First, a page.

For those who really want to get a move on too, there is even a PWR mode (available only on the AV variant) that perks up the driving experience even more. Though be forewarned that liberal prods of this button on the steering wheel will inevitably result in the fuel efficiency figure taking a sharp nosedive from the 18.9 km/l Perodua claims the Ativa can achieve, with more on this subject to come further down below.
Moving swiftly onto one of its biggest selling points, the tech to be found within the Ativa is to be commended too. Coming as standard (in the AV trim level at least) with things like automatic LED headlights (featuring integrated high beam assist), a digital instrument cluster (with four different design styles to choose from) as well as a comprehensive suite of active driver aids (inclusive of a rather good Adaptive Cruise Control system), there are really not many cars out there that can match this new Perodua’s level of bang-for-your buck on the standard equipment front.
What more is that most of the on-board tech is rather simple to use. The large central infotainment display for instance is almost idiot-proof to operate, and it is conveniently placed in a position where it is easy to reach while on the move.
There are other minor touches that shows someone at Perodua (or more probably Daihatsu/Toyota) had put some real thought into the tech featured within this compact crossover. A simple example being when putting the Ativa in reverse, it shows in its digital instrument cluster the direction the front wheels are currently pointing at. A display just above the rear view mirror indicating whether the rear seat belts have been buckled would be a useful tool for families too, as will the multitude of USB charging ports to be found up front and behind the central arm rest.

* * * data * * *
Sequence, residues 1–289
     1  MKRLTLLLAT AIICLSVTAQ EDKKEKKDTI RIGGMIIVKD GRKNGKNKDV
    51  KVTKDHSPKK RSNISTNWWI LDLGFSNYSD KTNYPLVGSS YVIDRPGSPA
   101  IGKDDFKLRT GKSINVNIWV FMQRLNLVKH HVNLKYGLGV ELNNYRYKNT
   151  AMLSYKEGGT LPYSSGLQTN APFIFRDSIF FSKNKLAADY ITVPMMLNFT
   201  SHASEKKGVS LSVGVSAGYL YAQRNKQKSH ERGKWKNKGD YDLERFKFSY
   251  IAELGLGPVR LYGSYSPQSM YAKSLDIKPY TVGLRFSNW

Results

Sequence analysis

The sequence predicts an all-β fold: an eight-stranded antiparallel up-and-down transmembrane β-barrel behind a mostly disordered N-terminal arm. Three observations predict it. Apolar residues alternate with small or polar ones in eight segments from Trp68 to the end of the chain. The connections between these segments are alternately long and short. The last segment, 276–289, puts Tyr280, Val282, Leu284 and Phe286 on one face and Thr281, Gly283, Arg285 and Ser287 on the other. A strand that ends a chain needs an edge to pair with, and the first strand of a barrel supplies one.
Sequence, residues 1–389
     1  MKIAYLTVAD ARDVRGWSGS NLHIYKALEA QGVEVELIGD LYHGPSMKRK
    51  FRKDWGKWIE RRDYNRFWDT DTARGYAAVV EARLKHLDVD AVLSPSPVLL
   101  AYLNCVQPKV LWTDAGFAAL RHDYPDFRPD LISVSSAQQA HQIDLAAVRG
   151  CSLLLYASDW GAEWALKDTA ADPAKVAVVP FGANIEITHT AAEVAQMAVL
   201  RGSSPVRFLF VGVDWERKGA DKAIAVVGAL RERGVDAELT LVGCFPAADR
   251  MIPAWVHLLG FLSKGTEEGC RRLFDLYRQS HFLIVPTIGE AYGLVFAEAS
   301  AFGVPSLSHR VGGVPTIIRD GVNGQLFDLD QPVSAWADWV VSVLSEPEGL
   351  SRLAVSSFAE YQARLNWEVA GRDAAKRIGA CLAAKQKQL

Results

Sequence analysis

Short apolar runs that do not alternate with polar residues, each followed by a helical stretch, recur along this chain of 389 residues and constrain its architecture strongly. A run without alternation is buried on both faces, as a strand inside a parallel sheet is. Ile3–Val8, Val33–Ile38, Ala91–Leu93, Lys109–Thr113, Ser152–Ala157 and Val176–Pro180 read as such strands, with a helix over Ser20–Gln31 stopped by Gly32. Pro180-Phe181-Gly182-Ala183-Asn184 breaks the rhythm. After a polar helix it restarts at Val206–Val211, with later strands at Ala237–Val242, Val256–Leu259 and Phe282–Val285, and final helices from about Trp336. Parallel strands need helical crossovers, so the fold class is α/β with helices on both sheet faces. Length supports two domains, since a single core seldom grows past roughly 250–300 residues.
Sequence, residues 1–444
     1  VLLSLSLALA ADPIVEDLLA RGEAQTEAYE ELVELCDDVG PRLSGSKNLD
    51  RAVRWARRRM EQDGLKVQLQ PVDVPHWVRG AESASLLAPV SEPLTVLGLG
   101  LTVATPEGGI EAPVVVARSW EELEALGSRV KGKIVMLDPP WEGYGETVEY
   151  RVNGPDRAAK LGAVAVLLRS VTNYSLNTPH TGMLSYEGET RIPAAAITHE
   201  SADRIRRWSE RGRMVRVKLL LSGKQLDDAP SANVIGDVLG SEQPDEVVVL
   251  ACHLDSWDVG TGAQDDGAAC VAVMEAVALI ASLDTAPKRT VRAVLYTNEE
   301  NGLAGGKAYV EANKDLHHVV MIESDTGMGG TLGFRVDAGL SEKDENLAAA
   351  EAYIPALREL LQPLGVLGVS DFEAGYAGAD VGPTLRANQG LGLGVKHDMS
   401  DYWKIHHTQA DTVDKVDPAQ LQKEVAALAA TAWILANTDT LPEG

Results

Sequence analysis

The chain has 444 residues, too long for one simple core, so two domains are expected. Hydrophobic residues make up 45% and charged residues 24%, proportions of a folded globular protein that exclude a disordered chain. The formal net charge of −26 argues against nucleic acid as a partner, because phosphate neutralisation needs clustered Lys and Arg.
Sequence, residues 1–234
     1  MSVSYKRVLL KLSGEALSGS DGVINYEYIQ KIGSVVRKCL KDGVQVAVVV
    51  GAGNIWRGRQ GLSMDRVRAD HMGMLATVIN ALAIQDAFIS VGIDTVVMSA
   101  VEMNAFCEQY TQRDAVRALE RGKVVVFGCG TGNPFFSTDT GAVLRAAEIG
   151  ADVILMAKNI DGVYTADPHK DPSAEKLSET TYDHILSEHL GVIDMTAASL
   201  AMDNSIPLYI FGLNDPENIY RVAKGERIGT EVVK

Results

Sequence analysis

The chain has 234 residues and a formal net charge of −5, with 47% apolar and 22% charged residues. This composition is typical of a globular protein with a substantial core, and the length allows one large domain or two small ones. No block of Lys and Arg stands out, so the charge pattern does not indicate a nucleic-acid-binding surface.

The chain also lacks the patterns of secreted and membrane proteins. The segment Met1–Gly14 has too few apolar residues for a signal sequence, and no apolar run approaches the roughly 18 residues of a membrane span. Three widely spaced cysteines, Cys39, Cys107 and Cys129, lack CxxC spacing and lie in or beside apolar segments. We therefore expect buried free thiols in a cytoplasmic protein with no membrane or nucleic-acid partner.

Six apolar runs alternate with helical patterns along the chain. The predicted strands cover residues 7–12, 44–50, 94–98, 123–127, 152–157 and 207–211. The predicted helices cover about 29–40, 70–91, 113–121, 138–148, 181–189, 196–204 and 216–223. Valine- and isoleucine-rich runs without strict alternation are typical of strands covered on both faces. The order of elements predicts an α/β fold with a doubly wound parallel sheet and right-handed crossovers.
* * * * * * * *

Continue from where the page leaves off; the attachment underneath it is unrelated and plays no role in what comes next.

What is Letting The Side Down On the Ativa
Having just said that the people at Perodua has put some effort into the tech on the Ativa, it does feel however that it comes at the expense of its interior. It may come with all the kit and has sufficient space within for what it is, but the overall feel of the cabin is cheap and not necessarily very cheerful.
Granted, it is perhaps on brand for Perodua not to feature the best interior quality within their cars, but that was a time when they were making cars costing RM 50k and not RM 70+k like what the Ativa costs here. For that kind of money then, it is perhaps reasonable to ask for a bit more than door cards made from a single moulded plastic panel and tonneau cover that is more substantial that the flimsy foldable one currently coming with the car.
Admittedly this is one topic that is wholly reliant on personal driving styles, though it also perhaps fair to say that the claimed 18.9 km/l is highly optimistic for anyone but the most dedicated of hyper-milers would achieve. That is because in order to get any sort of power out of such a tiny engine requires the turbo to often come on song, which hence inevitably causes the fuel efficiency to plummet like a stone every time it does so.